SOUTHARD: I do dig me some crime movies, but I’m not an overt gangster fan. A lot of Mafia films play like political thrillers with extra guns. I much prefer flicks about novices in over their heads, where the panic can be overwhelming. I guess you could say I’m less “I’ll make him an offer he can’t refuse,” and a lot more, “Dude, we’re robbing the bank!”
BOOKGASM: What are your thoughts on e-publishing and the future of the industry? Do you use an e-reading device like a Kindle or an iPad, or are you someone that prefers the tactile experience of holding a book?
SOUTHARD: No e-reader for me. I don’t really have anything against them, but they’re not at the level where I can justify dropping that much cash on one. I like that electronic editions are making such headway, though. It’s good that there’s any positive sign coming out of the publishing industry today. Here’s hoping the momentum continues. Still, I like having a shelf full of books to look at and admire. I can’t say the same thing about a portable hard drive.
BOOKGASM: You’ve been busting your ass for years, honing your craft, and things are really taking off, with RED SKY; a re-release of HE STEPPED THROUGH; inclusion in Ellen Datlow’s SUPERNATURAL NOIR anthology and Cemetery Dance’s SHIVERS VI; the novella THIS LITTLE LIGHT OF MINE coming out soon from Burning Effigy Press; another novella, FOCUS, co-written with Lee Thomas; and a piece in an upcoming issue of BLACK STATIC. I get the impression you’re going to keep hustling, full-throttle, no cruise control. What motivates and drives you?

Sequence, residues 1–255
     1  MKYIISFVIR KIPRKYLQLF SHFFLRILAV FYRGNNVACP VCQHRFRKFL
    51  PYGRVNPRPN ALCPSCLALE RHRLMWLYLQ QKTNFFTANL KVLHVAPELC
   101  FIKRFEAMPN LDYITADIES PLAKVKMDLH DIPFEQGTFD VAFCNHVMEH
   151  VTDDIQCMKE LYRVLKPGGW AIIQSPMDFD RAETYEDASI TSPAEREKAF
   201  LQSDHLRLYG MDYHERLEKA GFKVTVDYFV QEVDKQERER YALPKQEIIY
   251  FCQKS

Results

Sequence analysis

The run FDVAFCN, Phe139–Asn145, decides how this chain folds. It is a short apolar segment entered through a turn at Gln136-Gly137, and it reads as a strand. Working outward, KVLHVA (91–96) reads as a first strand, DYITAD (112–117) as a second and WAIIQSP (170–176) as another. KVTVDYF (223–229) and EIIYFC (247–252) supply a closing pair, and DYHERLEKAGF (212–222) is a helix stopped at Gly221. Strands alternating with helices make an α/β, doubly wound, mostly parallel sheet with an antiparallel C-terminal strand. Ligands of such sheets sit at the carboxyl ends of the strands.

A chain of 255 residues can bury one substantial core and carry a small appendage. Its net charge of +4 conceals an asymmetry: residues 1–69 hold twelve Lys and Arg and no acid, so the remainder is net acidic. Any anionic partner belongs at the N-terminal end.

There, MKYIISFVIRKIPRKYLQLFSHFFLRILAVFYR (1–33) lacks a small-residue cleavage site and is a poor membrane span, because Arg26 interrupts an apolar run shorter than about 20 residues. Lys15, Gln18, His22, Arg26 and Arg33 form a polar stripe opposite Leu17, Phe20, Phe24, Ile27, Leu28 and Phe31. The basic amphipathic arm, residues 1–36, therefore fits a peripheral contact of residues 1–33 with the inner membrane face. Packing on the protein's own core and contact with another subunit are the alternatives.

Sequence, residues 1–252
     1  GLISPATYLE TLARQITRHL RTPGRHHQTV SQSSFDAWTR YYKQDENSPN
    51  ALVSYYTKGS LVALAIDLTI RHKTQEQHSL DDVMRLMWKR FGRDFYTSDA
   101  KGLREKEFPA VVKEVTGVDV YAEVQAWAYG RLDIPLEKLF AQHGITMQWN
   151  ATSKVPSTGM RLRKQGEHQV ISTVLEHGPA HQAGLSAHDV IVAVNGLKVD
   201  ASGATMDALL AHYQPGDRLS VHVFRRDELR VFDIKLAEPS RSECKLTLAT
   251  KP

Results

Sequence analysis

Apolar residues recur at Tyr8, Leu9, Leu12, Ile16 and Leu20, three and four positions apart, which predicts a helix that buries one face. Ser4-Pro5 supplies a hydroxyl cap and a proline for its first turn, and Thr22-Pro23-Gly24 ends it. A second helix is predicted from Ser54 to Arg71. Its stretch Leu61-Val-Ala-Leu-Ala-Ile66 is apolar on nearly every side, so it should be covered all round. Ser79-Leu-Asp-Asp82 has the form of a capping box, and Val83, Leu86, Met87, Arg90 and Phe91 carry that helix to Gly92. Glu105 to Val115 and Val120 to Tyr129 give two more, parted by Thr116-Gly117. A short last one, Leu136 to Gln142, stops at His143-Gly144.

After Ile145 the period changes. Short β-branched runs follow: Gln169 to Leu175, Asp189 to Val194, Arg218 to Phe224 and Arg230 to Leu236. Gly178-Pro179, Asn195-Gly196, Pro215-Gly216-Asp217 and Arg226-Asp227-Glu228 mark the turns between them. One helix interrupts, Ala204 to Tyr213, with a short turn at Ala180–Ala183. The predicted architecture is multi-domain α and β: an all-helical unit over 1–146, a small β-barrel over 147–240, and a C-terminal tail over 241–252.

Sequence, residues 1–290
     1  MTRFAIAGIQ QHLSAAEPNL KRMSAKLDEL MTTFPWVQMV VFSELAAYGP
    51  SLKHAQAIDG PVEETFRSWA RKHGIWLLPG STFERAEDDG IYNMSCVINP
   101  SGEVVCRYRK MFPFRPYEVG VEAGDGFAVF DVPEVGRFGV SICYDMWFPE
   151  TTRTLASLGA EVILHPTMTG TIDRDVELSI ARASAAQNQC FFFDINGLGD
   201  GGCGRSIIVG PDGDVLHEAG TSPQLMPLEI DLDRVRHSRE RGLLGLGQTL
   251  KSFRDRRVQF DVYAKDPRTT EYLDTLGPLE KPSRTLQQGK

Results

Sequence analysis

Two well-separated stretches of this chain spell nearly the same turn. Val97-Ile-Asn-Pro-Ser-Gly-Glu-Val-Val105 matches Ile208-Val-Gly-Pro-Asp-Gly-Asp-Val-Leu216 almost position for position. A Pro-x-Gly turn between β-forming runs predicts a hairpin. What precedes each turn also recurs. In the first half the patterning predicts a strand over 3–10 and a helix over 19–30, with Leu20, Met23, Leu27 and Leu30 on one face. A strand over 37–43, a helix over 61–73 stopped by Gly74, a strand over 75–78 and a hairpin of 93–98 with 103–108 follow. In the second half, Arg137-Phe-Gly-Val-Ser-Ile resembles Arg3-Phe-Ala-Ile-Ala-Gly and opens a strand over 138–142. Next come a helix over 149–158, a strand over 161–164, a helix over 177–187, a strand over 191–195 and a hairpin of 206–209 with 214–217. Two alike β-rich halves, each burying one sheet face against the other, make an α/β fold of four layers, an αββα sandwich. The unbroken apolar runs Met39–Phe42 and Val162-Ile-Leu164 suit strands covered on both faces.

SOUTHARD: I’m just hungry. I want to tell stories, and I want them to be read by lots of people. At this point, I’ve sort of made peace with the idea that making a living as a full-time writer could be nothing more than a pipe dream. That just doesn’t happen so much for folks who write what I write. What I really love is just getting stories out there where they can be read by as many people as possible. The last year has been very exciting for that, especially with SHIVERS VI and SUPERNATURAL NOIR, which look like they’ve got the potential to gain a lot of readers. Exciting time, man!
BOOKGASM: We mentioned FOCUS, co-written with Lee Thomas. If you could collaborate with any writer, living or dead, who would be at the top of your list, and why?
SOUTHARD: Peter Straub. I don’t really long to collaborate with anybody, because if I love a writer I want to read their work without another writer in the mix. That’s just my preference. When I think about the sheer volume of things I could learn by working with Straub, however, I get a little slack-jawed. I can’t imagine our styles working together at all, because I’m a foul-mouthed hooligan, and he’s Peter Straub, but I’d do anything for that learning experience.
BOOKGASM: What advice can you give to aspiring writers?
SOUTHARD: Write every day and read every day. Read as much of every genre as you can. If you love something, try to switch it up and read things that aren’t just paying lip service to your tastes. Challenge yourself. You don’t have to write everything thinking about world domination, but you need to keep yourself interested. —Joshua Jabcuga